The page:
"Mothers all want their sons to grow up to be president, but they don't want them to become politicians in the process." The second part of John F. Kennedy's observation probably still holds true. But does anyone talk to kids these days about growing up to be president?
Among my 11th-grade American history students, one recalled his third-grade teacher telling him that if he kept at his spelling, he might grow up to be president. Another said a grandparent had talked to him about the possibility. But that was it, and none of them mentioned their parents conveying the message.
I am too young to remember JFK but old enough to remember his younger brother Bobby as well as Neil Armstrong's walk on the moon. I also remember grown-ups occasionally telling me that if I worked hard, I could be president someday.
The point was not to single me out, but to include me in part of the American dream: that any (native-born) citizen with enough talent, ambition, and luck could potentially become the chief executive of the republic. (Of course, being white and male would help, too.)
Some of the shift away from that ideal must be attributable to Watergate. The break-in at Democratic headquarters 40 years ago, followed by a steady stream of leaks, denials, and hearings, culminated with the first resignation of a U.S. president. Richard Nixon's eventual pardon was defended as allowing the country to move on: Serious damage had already been done to the prestige of the presidency, some said, and to the public's faith in elected officials.
They were right about that. In late 1973, in the midst of the uproar, the New York Times quoted a "white-haired algebra teacher from Auburn, Maine" as saying, "We used to tell these kids that you may grow up to be president of the United States, that it was something to which they should aspire. Now we can't tell them that anymore because they just laugh in our faces." Those kids, now mothers and fathers themselves, have understandably been less than enthusiastic about encouraging their own children to aim for the White House.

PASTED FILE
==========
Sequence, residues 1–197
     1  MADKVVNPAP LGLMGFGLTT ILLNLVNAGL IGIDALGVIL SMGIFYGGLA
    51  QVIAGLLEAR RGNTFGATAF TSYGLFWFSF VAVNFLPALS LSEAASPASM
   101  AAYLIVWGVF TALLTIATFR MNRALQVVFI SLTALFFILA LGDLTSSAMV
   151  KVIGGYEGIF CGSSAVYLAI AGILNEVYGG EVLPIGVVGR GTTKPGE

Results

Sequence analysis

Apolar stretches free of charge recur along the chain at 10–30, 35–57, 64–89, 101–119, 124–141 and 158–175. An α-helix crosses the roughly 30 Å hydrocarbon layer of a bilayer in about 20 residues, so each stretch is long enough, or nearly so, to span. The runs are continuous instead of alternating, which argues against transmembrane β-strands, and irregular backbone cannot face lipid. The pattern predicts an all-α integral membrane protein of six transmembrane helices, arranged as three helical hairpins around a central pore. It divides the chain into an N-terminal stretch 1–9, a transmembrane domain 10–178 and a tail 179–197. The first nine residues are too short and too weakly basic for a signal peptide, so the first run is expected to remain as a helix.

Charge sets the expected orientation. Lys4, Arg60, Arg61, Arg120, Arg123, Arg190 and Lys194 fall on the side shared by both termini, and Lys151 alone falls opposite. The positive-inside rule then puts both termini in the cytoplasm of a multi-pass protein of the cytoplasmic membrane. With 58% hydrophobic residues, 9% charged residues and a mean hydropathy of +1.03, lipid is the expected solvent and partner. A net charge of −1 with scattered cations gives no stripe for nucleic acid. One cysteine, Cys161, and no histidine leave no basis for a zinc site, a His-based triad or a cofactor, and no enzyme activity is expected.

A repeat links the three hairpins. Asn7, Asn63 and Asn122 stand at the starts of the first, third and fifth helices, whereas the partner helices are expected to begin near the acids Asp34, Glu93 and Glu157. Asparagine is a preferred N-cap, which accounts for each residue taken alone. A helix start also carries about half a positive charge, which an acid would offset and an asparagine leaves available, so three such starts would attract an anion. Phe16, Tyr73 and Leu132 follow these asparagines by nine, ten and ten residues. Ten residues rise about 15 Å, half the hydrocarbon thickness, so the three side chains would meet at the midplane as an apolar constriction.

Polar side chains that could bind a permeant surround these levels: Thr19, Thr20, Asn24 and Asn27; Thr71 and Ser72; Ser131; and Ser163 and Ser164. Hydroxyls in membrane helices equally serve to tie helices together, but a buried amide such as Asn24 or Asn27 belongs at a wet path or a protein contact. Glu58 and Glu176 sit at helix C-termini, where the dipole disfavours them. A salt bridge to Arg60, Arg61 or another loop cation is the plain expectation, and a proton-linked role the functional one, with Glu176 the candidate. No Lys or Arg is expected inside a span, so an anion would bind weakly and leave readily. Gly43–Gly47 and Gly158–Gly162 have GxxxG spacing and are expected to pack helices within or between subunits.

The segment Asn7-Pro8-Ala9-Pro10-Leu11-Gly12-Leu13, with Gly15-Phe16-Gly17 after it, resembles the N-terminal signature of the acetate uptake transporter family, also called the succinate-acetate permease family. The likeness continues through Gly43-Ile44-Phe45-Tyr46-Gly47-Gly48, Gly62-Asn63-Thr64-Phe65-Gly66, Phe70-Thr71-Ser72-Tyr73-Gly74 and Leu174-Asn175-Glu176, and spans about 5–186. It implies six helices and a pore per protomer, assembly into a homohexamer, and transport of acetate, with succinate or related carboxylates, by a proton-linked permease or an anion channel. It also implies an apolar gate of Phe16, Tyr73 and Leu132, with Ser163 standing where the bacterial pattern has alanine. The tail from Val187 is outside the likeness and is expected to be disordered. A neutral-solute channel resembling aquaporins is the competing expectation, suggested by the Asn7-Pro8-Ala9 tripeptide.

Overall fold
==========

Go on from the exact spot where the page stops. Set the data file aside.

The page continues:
In their perceptions of the presidency, today's students seem less influenced by their parents' experiences than by the fact that the nation has been at war in Iraq and Afghanistan for almost as long as they can remember, and by years of recession and fitful recovery.
Though they have watched President Obama's hair turn gray over the past few years, they can also recall the excitement of the last election. It showed that the possibility of becoming president now realistically applies to the students of color and to the girls in my class.
This dramatic expansion in the pool of potential candidates is a good thing. The complexities of the 21st century have only made the job more daunting, and we need all the talent we can find. It might not be a bad idea to once again start reminding kids that they can grow up to be president.